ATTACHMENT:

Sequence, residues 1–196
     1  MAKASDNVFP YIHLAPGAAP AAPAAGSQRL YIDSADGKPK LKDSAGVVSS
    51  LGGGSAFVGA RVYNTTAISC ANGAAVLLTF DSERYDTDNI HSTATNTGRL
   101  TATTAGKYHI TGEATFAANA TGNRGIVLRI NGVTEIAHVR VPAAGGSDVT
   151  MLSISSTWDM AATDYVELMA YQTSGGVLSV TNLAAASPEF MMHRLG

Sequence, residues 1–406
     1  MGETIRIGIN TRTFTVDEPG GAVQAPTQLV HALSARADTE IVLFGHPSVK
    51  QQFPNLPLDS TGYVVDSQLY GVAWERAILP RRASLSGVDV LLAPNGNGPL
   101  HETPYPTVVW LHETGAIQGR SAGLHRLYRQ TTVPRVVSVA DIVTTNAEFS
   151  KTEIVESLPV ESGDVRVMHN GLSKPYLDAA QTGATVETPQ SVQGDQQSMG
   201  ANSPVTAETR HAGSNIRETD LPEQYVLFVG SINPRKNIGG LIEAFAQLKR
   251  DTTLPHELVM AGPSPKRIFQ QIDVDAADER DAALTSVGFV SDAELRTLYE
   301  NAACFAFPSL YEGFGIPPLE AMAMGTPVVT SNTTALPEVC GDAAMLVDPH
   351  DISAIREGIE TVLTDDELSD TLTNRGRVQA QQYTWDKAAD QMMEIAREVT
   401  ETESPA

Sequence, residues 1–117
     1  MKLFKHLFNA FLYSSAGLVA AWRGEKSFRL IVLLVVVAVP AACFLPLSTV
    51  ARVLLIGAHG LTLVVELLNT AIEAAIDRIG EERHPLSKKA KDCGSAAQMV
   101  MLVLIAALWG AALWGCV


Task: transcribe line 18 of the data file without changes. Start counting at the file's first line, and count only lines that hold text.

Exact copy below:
    51  ARVLLIGAHG LTLVVELLNT AIEAAIDRIG EERHPLSKKA KDCGSAAQMV